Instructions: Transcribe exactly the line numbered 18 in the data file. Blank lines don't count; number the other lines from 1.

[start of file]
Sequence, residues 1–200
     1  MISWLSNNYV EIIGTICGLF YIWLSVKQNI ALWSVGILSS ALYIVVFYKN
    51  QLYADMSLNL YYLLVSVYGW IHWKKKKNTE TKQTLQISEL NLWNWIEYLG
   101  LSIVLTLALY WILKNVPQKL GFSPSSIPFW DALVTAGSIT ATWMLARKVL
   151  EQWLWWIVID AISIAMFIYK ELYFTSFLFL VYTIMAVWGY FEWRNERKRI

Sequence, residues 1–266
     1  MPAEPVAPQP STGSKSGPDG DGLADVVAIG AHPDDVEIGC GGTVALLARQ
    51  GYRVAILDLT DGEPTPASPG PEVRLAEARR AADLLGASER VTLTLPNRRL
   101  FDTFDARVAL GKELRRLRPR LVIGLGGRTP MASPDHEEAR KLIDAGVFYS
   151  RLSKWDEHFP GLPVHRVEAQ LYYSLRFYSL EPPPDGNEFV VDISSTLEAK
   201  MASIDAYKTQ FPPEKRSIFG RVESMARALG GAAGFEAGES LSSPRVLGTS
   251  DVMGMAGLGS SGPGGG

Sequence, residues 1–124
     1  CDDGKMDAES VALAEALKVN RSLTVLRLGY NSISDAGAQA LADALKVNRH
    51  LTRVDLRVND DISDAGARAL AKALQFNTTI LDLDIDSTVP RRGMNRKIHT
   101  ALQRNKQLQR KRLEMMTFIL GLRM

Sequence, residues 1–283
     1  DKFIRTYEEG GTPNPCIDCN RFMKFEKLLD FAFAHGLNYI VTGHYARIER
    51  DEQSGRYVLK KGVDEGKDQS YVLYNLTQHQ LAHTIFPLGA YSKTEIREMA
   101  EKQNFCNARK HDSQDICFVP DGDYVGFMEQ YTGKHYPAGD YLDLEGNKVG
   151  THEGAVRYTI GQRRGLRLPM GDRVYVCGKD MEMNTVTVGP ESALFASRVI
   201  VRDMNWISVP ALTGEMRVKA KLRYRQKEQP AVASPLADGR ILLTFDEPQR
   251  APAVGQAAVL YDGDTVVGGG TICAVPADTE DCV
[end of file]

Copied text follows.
     1  DKFIRTYEEG GTPNPCIDCN RFMKFEKLLD FAFAHGLNYI VTGHYARIER